Maryam Mirzakhani was the remarkable mathematician who, in 2014, became only the first woman—and first Iranian—to receive the Fields Medal, often regarded as the Nobel Prize of mathematics. But more than just a giant milestone, Mirzakhani’s journey was unusual, and her particular mathematical vision was visually striking, and became the subject of a documentary Secrets of the Surface that chronicles both her life and ideas. It is a story that’s both uplifting and touching, as Mirzakhani was struck down by cancer at the prime of her career in 2017, only 40 years old.
Born in 1977 at a difficult time in an Iran which was about to enter into war with Iraq (from 1980 to 1988). Maryam nevertheless had a family who supported her curiosity in science.
I grew up in a family with three siblings. My parents were always very supportive and encouraging. It was important for them that we have meaningful and satisfying professions, but they didn’t care as much about success and achievement. In many ways, it was a great environment for me, though these were hard times during the Iran-Iraq war. My older brother was the person who got me interested in science in general. He used to tell me what he learned in school.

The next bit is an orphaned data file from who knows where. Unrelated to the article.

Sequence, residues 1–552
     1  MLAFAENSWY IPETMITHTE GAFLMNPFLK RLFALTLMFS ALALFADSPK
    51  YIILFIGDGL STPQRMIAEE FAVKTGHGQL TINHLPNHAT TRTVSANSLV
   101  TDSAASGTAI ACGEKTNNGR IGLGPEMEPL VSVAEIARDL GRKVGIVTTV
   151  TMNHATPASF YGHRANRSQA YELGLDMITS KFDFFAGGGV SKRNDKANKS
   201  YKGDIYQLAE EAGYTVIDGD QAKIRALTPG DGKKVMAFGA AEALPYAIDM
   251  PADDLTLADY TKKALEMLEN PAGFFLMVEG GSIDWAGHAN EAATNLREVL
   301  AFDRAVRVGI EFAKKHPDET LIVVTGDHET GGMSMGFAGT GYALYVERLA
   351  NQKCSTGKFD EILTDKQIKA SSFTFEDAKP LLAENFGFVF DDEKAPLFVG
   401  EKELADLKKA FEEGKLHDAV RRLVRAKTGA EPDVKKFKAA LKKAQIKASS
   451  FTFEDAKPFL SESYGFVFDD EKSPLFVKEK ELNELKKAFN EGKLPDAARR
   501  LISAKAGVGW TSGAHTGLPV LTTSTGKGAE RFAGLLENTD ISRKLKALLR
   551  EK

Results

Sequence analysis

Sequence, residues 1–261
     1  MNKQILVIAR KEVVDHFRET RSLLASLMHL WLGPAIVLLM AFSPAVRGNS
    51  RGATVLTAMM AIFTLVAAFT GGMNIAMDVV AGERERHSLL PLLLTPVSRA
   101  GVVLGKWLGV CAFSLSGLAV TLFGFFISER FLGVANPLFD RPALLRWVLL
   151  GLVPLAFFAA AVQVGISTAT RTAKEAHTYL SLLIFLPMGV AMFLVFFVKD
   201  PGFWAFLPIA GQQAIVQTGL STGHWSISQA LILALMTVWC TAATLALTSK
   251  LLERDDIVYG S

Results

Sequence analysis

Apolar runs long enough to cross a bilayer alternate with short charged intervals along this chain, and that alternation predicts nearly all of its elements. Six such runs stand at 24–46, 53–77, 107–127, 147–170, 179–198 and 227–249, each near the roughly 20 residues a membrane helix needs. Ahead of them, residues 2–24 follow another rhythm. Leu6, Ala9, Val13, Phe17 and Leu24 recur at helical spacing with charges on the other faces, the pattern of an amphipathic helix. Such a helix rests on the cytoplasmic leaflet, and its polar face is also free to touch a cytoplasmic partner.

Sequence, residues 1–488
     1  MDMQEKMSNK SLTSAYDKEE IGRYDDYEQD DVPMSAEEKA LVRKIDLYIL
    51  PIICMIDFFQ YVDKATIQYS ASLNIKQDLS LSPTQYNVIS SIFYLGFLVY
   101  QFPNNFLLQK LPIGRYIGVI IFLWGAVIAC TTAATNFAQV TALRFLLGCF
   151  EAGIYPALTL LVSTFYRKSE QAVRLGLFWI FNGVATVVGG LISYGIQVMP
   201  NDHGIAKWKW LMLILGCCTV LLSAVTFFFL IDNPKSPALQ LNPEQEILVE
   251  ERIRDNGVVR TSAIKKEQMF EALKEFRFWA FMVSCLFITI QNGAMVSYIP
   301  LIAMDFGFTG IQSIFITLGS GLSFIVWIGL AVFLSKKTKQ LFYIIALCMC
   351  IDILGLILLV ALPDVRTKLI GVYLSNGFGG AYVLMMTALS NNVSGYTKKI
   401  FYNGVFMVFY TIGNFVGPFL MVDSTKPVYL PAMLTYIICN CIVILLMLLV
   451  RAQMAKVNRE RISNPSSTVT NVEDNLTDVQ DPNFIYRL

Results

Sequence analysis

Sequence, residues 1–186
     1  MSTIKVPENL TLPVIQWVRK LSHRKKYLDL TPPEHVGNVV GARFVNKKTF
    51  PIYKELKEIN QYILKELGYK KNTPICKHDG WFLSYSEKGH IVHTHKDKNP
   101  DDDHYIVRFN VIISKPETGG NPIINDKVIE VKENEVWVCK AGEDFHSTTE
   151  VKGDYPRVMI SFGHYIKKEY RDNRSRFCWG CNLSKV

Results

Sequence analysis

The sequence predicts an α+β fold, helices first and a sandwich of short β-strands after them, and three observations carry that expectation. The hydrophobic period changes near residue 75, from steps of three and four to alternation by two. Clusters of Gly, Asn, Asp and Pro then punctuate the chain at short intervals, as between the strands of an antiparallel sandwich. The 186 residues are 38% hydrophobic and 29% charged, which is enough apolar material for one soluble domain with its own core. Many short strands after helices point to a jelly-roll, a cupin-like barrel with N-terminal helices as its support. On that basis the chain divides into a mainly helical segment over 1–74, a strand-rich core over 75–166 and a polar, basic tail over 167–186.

From a young age, Maryam had a great imagination and, when she was eight years old, she would make up stories about a girl who achieved great things, such as becoming mayor or travelling the world. About the time the war ended, she completed her studies at elementary school and sat an examination for the Farzanegan middle school for girls in Tehran. This school, administered by Iran’s National Organization for Development of Exceptional Talents, aimed to educate the brightest pupils. Maryam did not do particularly well in this first year at Farzanegan middle school, and she was being told by her teacher that she was not particularly talented in that subject. This was a blow to Maryam’s confidence and for a while, she lost interest in mathematics and toyed with the idea of becoming a novelist. As it turned out, she had a different and more encouraging mathematics teacher in her second year, who made revived her interest and confidence in the subject.